The Marines will have to wait another decade to increase the speed of its amphibious troop carriers, Marine Corps officials said Tuesday.

The service is pushing forward with plans to build about 200 new Amphibious Combat Vehicles that will ultimately replace the older, Amphibious Assault Vehicle fleet.

High-water speed has been a key requirement since these armored troop carriers are designed for forced-entry operations. Marine officials, however, have decided to postpone a decision on the requirement until 2025, Marine officials said at the 2015 Sea, Air and Space conference hosted at National Harbor, Md.

"High-water speed is still an important requirement for us. We are just going to have to figure out how to go about doing that," said Marine Maj. Gen. Andrew O'Donnell, assistant deputy commandant for Combat Development & Integration.

The ACV is the service's top modernization priority, but it will not immediately replace the AAV. The Corps will upgrade 392 AAVs to compliment the new ACVs.

The Marines are considering using Landing Craft Air Cushion ships to carry two ACVs at speeds up to 40 knots until they get within 12 miles of shore, Marine officials said. Leaders also talked of using Heavy Lift Barge Carriers to service as "mother ships" for LCACs during such operations.

This was part of a larger discussion on the Navy and Marine Corps vision of sea-basing – a concept that the services have been developing to create floating staging bases for amphibious warfare operations.

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"Expeditionary Force 21 and sea-basing is no longer a power-point slide," Rear Adm. T.K. Shannon, commander of Military Sealift Command said during the discussion.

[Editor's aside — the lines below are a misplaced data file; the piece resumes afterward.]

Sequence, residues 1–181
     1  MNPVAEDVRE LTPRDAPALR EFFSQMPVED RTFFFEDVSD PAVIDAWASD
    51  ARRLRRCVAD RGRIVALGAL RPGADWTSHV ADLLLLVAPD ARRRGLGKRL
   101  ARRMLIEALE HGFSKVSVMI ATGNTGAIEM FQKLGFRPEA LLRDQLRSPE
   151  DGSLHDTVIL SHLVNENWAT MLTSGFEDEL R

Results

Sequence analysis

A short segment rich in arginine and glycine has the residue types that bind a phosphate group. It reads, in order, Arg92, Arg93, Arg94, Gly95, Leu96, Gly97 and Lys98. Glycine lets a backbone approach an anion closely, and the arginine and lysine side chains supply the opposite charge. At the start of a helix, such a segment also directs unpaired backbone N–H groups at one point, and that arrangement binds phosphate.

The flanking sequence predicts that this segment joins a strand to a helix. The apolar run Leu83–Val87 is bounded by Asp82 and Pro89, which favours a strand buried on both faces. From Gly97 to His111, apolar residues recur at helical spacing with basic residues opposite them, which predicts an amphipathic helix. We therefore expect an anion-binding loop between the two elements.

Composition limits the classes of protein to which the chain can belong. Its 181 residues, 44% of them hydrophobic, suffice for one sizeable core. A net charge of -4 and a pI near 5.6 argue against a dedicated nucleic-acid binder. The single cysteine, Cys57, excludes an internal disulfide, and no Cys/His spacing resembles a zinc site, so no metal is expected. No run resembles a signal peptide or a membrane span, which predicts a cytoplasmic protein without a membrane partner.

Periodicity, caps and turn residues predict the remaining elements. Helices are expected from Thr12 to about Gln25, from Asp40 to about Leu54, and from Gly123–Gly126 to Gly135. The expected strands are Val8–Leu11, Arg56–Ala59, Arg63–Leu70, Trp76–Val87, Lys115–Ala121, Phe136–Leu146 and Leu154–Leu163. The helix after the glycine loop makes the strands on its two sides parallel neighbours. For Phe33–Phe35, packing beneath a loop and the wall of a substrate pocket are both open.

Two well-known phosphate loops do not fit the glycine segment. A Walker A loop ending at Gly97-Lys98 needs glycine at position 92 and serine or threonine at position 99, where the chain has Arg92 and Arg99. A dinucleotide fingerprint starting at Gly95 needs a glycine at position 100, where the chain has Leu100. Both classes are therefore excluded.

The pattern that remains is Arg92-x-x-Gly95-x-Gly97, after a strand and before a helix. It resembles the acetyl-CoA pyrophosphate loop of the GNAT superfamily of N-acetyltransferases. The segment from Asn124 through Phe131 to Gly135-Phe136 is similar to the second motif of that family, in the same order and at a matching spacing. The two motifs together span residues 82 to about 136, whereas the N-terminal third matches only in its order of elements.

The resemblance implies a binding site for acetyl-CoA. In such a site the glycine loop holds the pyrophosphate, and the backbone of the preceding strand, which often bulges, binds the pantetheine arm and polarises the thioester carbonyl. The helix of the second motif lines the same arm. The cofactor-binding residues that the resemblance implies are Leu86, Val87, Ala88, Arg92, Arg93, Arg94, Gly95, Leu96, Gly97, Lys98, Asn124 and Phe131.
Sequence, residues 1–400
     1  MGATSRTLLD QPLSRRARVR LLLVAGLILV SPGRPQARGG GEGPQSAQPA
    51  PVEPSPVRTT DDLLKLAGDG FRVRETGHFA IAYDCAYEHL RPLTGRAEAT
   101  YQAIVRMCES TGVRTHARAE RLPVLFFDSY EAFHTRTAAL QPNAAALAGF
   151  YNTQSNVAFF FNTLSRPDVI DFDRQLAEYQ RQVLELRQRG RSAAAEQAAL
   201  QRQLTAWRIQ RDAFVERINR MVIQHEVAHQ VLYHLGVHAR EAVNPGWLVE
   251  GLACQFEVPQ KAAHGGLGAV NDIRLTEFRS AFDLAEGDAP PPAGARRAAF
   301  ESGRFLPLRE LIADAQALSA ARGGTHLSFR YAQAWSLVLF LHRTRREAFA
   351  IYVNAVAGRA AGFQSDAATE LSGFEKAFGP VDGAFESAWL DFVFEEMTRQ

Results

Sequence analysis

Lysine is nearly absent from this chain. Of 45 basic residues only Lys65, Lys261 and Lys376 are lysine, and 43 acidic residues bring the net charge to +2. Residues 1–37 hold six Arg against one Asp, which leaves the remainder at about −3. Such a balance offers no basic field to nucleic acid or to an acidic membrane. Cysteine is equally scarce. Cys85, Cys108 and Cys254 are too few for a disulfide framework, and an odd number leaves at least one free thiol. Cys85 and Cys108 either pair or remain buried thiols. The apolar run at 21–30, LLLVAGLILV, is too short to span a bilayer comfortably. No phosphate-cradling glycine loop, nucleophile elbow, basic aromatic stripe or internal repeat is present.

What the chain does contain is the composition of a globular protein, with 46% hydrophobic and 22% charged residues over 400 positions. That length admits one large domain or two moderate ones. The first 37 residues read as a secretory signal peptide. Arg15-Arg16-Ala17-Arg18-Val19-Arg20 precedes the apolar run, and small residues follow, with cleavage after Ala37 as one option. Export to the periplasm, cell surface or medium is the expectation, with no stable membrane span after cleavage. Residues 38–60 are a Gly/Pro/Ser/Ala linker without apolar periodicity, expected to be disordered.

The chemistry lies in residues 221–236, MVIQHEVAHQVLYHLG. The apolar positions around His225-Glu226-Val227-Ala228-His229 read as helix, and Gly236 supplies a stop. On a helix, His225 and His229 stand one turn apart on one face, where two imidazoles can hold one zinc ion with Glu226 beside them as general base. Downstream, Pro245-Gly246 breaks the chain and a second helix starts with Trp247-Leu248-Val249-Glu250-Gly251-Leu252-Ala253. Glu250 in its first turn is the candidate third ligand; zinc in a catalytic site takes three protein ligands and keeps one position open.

The Pentagon has a requirement for 38 amphibious ships, but tight defense budgets have forced the service to scale it back to 33.

Leaders from both sea services maintain that the actual requirement is closer to 50 amphibious ships.

"As we rebalance to the Pacific … we are seeing a constant demand for amphibious warships," said Marine Corps Maj. Gen.  Robert Walsh, director of Expeditionary Warfare.

To meet the growing demand, both the Navy and the Marines are turning to older ships, often revamping them for completely new missions.

The Navy saw great success doing this with the USS Ponce, a steam-powered amphibious docking ship on its way to retirement. The service retrofitted it to become the first floating staging base while leaders finalized requirements and completed the first purpose-built Afloat Forward Staging Base, which is now the USNS William B. Puller.

"There are a lot of missions this ship is capable of performing," Shannon said. "Prior to 2012, our Navy did not have an Afloat Forward Staging Base."

-- Matthew Cox can be reached at matthew.cox@military.com